S. The prime mover of claim 4, further characterized
by the fact that said rotor disc has a circumferentially
continuous conductive peripheral portion, and said sub
stantially radially extending conductor surfaces comprise
spoke-like conductors electrically connected with and ex
tending radially inwardly from said peripheral portion of
the disc but otherwise insulated from one another; and
thermoelectrodynamic prime mover, comprising a ther 10 further characterized by the fact that the brushes engage
the inner end portions of said conductors so that current
rnopile, a heat source for heating the hot junction of the
?ows from one brush to another radially outwardly along
thermopile, a motor which is particularly adapted to be
the conductor engaged by said one brush, around a part
powered by low voltage
from the thermopile, and
of said conductive peripheral portion of the disc, and
a fan driven by the motor for cooling the cold junction of
radially inwardly along the conductor engaged by said
the thermopile, and wherein low voltage output of the
other brush.
thennopile poses no substantial electrical transmission
6. An electric motor adapted to be energized by low
problem because the compactness of the arrangement per
voltage direct current, comprising: a disc-like rotor hav
mits the use of very short conductors. It will also be
ing a circumferentially continuous rim portion of elec
apparent that the invention provides a novel electric
trically conductive material and a plurality of spoke-like
motor adapted to be powered by electric current from a
conductors electrically connected with the rim portion and
low-voltage source and which combines good efficiency
extending substantially radially inwardly therefrom, said
and great compactness with low cost and simplicity.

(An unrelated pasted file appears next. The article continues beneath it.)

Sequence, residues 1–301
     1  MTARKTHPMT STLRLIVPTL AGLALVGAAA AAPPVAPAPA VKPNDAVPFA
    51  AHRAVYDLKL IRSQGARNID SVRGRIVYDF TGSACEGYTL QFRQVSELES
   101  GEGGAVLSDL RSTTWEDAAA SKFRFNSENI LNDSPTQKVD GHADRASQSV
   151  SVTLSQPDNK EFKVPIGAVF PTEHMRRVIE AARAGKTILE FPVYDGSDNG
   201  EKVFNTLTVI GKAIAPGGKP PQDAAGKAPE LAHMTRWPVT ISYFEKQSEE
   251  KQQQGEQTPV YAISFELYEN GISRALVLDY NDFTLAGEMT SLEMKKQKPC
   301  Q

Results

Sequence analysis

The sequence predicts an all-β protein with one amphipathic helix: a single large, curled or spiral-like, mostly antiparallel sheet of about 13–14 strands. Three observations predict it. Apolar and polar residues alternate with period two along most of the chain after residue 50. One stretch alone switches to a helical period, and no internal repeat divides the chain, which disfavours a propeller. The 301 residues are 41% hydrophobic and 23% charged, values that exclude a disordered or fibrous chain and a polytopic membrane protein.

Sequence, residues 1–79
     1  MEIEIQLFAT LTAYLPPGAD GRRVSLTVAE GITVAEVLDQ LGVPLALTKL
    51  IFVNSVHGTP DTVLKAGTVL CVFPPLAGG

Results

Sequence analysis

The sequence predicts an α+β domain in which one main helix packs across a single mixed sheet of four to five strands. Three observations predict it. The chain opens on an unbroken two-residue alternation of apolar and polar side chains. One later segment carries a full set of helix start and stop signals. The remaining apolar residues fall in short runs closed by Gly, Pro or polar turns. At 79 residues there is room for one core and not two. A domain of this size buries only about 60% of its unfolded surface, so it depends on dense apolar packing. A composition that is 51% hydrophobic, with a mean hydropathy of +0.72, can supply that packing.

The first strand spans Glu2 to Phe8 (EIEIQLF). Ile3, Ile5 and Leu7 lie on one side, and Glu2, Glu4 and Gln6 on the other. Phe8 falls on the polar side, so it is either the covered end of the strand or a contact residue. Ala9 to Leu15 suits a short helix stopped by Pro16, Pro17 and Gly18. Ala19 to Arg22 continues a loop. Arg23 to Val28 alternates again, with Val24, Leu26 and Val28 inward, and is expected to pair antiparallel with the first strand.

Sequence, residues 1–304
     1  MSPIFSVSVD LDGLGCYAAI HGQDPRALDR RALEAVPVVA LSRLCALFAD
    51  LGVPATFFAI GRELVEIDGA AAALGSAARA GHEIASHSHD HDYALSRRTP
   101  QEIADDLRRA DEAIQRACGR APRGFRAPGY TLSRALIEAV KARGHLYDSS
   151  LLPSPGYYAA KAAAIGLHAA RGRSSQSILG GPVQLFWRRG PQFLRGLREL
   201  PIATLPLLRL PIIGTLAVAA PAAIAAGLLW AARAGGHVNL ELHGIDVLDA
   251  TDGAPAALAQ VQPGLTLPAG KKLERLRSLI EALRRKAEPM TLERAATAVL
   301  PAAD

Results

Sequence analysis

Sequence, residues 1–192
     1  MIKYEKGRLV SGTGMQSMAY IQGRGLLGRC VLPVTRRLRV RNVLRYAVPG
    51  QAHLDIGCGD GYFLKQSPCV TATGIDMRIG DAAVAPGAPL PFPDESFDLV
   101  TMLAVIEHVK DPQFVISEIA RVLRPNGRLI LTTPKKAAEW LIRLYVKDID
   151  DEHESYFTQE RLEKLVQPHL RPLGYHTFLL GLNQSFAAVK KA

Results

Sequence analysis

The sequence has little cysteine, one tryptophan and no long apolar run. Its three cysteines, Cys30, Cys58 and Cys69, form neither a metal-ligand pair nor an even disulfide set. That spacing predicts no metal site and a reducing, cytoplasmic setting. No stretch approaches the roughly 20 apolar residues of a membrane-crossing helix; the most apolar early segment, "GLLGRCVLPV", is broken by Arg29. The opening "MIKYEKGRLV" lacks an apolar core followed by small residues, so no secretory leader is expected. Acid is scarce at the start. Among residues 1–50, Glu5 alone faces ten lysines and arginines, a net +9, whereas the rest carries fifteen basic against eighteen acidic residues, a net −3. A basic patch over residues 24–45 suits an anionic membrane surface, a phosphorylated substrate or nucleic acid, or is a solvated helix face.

conductors being electrically insulated from one another
What is claimed as my invention is:
1. A prime mover comprising: an electric motor having
an upright shaft; means providing a heat source substan
tially on the axis of the motor shaft and axially spaced
to one side of the motor; a substantiaily annular thermo
pile electrically connected with the motor and axially
spaced to said one side of the motor with its hot junc
tions disposed near the axis of the motor shaft to be
exposed to heat from said source thereof and its cold
junctions spaced outwardly of said axis from the hot
junctions; and a fan driven by the motor, coaxial with the
motor shaft and axially intermediate the motor and the
thermopile, for moving cooling air across the cold junc
tions of the thermopile.
2. A prime mover of the type comprising means de?n
ing a heat source, thermocouple means having hot junc
tions adapted to be heated by heat from said source and
cold junctions adapted to be maintained at a substantially
lower temperature than the hot junctions to cause current
to ?ow in the thermocouple means, and an electric motor
electrically connected with said thermocouple means, said
prime mover being characterized by: the fact that the
motor has its shaft upright and substantially coaxial with
at their inner ends; means mounting the rotor for rotation
about its axis; a plurality of magnet means mounted at
circumferentially spaced intervals around the rotor and
each having a pair of pole pieces overlying opposite faces
of the rotor and cooperating to de?ne an axially extend~
ing air gap which is intersected by the rotor; and a plu
rality of brushes ?xed with respect to the rotor and
engaging the same at circumferentially spaced intervals
therearound, near the radially inner ends of the spoke
like conductors, said brushes being connectable with the
terminals of a current source and cooperable with one
another and the rotor to conduct a ?ow of current radial
ly outwardly through a conductor engaged by one brush,
around a part of the rim portion of the rotor, and radially
inwardly through a conductor engaged by another brush.
7. An electric motor adapted to be energized by direct
current, of the type having a disc-like rotor mounted for
rotation on its axis, magnet means with pole pieces over
lying opposite faces of the rotor and de?ning axially
extending air gaps intersected by the rotor, and brushes
connectable with a source of current and engaged with
45 the rotor to send current substantially radially there
through: said motor vbeing characterized by the fast that
said means de?ning a heat source and disposed axially to
its rotor has a circumferentially continuous peripheral
one side thereof; further by the fact that said thermo
portion of conductive material and a plurality of spoke
couple means has its hot junctions disposed near the axis
like conductors extending radially inwardly from said
of the motor shaft and adjacent to the heat source, to be
peripheral portion and electrically connected therewith
exposed to heat from said source, and has its cold junc